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United States Department of Agriculture (USDA) 2005

PRESCRIBED LIVESTOCK BROWSING FOR CONTROLLING CONIFER ENCROACHMENT ON FOOTHILL RANGELAND

Conifer Encroachement

United States Department of Agriculture (USDA) Research, Education & Economics Information System (REEIS)

Titre : PRESCRIBED LIVESTOCK BROWSING FOR CONTROLLING CONIFER ENCROACHMENT ON FOOTHILL RANGELAND

Identification : MONB00163

Pays : Etats Unis

Durée : Oct 1, 2005 à Oct 1, 2010

Mots clés : conifer encroachment ; sheep ; goats ; livestock grazing ; supplementation ; tree shear

Partenaire : MONTANA STATE UNIVERSITY BOZEMAN,MT 59717

Objectifs
Several species of conifers are currently invading grasslands and shrub steppe across Montana, including ponderosa pine (Pinus ponderosa), Douglas-fir (Pseudotsuga menziesii), Rocky Mountain juniper (Juniperus scopulorum), and lodgepole pine (Pinus contorta). This research project will evaluate opportunities for using prescribed browsing by sheep (Ovis aries) or goats (Capra hircus) to control encroachment of ponderosa pine and Douglas-fir. Specific objectives are : 1) to determine whether a low-cost nutritional supplement can increase goat browsing of ponderosa pine in winter ; and 2) to determine whether sheep or goat browsing of felled trees (ponderosa pine and Douglas-fir) in late fall can reduce fuel loading.

Descriptif
This research project consists of two experiments (Study 1 and Study 2) to be conducted in west-central Montana on foothill rangeland that has been invaded by conifers. In Study 1, a 2-year, winter grazing trial will be conducted in west-central Montana. For one week in late winter of 2006 and 2007, twelve 1-ha pastures will be grazed at a high stock density with mature female goats (36 goats ha-1). Goats in 4 of the pastures will receive a high cost/high protein/high energy nutritional supplement (Sheeplix) in an effort to help the goats detoxify secondary compounds (i.e., tannins and terpenes) within ponderosa pines. Goats in 4 other pastures will receive a low-cost supplement (alfalfa hay pellets), and goats in the remaining 4 pastures will be unsupplemented. Thus, the study will compare 3 treatments (Sheeplix supplement, alfalfa hay pellets, unsupplemented) during 2 winters (2006, 2007) with 4 replicates (pastures) per treatment. Goats will undergo a 1-week adaptation period immediately before the grazing trial each winter. During the adaptation period, goats in the 3 treatment groups will graze in 3 separate 3-ha pastures that contain similar vegetative composition to the grazing trial pastures. Also, goats in the 2 supplemented treatment groups will receive their supplement during this adaptation period. Response variables for the grazing trial will include : 1) the botanical composition of goat diets, and 2) the amount of browsing damage inflicted by the goats. The study will be completely randomized in a split-plot arrangement, with supplement as the whole plot factor and year as the subplot factor. Analysis of variance (goat diet data) and analysis of covariance (browsing damage data) will be used to evaluate the treatments. In Study 2, a 2-year grazing trial will be conducted on 2 foothill rangeland sites in west-central Montana. Douglas-fir will be the principal tree invader on one site and ponderosa pine will be the principal tree invader on the second site. Young conifer trees will be thinned from within twelve, 1-ha macroplots per study site each year (12 macroplots per study site x 2 study sites x 2 years = 48 macroplots). Thinning will be done in late fall with a tree shear implement mounted on a skid-steer loader. At each study site, 4 macroplots will remain ungrazed, while 4 will receive sheep browsing and 4 will receive goat browsing. Browsing macroplots will be temporarily fenced with electric fencing. Sheep and goat browsing will occur immediately after thinning, with 36 sheep or 36 goats grazing each macroplot for 1 week after thinning. Thus, the study will compare 3 treatments (sheep browsing, goat browsing, no browsing) during 2 years (2007, 2008) with 4 replicates (macroplots) per treatment. Response variables will include : 1) the botanical composition of sheep and goat diets, and 2) the amount of fuel loading and predicted wildfire intensity. The study will be completely randomized, with data from each study site analyzed separately, and analysis of variance will be used to evaluate the treatments.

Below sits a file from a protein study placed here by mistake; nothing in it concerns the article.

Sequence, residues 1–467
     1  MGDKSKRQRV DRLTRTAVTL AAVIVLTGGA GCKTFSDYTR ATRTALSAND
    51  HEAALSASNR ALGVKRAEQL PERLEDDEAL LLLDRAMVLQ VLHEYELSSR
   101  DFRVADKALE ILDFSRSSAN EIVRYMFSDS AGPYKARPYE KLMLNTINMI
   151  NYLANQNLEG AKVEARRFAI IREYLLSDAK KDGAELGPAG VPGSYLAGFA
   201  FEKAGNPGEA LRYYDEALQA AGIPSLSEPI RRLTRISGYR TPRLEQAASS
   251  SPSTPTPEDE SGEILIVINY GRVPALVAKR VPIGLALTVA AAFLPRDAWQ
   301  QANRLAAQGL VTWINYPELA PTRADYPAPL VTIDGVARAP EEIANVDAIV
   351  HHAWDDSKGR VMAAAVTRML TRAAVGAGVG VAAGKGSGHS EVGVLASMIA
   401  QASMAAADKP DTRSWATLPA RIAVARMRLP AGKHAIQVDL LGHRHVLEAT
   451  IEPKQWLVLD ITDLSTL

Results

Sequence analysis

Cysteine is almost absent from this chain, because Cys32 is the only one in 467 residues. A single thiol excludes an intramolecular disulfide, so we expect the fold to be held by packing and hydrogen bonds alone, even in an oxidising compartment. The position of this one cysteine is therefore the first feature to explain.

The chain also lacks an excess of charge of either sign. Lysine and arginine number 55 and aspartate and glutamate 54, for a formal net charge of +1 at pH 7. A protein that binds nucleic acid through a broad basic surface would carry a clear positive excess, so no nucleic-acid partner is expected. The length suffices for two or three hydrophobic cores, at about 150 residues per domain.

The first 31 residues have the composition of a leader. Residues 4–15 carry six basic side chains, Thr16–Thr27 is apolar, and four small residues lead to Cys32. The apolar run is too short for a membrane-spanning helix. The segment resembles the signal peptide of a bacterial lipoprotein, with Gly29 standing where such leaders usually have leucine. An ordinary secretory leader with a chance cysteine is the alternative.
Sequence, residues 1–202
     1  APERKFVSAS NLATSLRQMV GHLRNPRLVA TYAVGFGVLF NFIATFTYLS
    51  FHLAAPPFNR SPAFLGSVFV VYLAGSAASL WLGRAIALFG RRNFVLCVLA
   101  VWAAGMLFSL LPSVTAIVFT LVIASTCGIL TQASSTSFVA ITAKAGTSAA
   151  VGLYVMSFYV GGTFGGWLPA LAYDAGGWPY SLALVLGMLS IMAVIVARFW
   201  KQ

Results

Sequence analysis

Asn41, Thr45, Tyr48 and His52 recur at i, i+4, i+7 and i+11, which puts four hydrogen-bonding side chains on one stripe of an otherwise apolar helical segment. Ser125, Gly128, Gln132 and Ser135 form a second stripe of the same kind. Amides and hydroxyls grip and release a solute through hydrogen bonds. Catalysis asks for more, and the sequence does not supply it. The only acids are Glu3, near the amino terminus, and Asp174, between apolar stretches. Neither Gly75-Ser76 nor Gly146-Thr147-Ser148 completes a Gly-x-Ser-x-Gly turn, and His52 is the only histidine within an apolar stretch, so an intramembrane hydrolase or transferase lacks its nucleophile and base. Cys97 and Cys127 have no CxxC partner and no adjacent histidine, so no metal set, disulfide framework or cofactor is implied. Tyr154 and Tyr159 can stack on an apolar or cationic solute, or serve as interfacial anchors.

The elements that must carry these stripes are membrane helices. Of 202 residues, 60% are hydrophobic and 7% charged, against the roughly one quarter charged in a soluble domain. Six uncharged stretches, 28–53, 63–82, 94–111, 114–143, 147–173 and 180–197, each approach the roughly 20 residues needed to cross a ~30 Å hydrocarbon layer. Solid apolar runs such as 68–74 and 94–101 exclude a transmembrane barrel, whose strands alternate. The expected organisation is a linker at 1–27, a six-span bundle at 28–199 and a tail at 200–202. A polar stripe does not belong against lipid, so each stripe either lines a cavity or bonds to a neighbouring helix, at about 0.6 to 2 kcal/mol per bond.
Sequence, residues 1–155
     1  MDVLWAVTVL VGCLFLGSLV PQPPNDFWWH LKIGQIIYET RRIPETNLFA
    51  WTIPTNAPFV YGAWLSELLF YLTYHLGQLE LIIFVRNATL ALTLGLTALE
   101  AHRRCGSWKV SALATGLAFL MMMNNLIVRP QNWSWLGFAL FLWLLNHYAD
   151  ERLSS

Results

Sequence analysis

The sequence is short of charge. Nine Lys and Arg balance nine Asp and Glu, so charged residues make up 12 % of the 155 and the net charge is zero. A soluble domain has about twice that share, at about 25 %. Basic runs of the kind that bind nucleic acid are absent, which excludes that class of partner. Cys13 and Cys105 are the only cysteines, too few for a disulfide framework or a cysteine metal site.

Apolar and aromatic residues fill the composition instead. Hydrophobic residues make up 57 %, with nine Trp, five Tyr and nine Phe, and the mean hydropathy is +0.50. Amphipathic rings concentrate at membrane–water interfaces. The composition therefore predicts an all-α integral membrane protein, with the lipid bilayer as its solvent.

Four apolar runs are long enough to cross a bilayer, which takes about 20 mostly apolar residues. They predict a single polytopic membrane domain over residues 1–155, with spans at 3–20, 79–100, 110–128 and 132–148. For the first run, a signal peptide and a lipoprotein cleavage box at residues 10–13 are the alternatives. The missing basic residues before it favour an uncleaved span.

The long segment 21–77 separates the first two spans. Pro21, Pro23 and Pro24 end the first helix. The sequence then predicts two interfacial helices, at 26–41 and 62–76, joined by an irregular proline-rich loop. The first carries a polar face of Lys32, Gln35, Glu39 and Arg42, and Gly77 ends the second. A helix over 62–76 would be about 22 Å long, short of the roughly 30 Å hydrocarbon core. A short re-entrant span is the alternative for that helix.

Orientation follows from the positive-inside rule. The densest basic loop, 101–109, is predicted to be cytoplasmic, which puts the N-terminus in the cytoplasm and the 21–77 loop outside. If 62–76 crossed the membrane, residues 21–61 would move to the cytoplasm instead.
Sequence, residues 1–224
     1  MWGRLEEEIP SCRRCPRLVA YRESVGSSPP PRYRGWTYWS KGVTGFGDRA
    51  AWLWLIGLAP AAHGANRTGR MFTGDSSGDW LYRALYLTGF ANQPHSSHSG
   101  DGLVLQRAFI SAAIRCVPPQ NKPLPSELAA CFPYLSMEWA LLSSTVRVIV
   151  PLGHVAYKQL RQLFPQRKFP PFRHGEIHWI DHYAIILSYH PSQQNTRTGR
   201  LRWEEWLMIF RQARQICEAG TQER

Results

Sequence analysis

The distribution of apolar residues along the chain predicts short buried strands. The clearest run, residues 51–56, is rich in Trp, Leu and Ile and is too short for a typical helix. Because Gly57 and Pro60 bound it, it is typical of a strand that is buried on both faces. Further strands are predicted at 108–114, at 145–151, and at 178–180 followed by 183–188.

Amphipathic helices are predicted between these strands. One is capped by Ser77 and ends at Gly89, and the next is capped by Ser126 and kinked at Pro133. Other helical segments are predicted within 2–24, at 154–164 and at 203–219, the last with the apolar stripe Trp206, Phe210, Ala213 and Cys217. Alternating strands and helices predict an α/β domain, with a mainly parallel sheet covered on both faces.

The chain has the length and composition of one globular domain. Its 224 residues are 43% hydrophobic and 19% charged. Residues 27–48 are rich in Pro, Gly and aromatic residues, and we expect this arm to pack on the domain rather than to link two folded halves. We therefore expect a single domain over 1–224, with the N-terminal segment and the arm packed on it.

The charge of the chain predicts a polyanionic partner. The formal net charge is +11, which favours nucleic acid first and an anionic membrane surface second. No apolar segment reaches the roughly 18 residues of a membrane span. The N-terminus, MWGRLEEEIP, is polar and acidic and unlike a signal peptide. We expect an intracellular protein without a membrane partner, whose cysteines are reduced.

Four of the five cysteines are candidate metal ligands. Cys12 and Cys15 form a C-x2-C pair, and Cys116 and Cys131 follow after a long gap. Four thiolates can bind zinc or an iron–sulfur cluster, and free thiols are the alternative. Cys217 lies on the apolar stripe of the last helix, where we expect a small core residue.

Présentation : USDA

Page publiée le 14 décembre 2015, mise à jour le 2 novembre 2017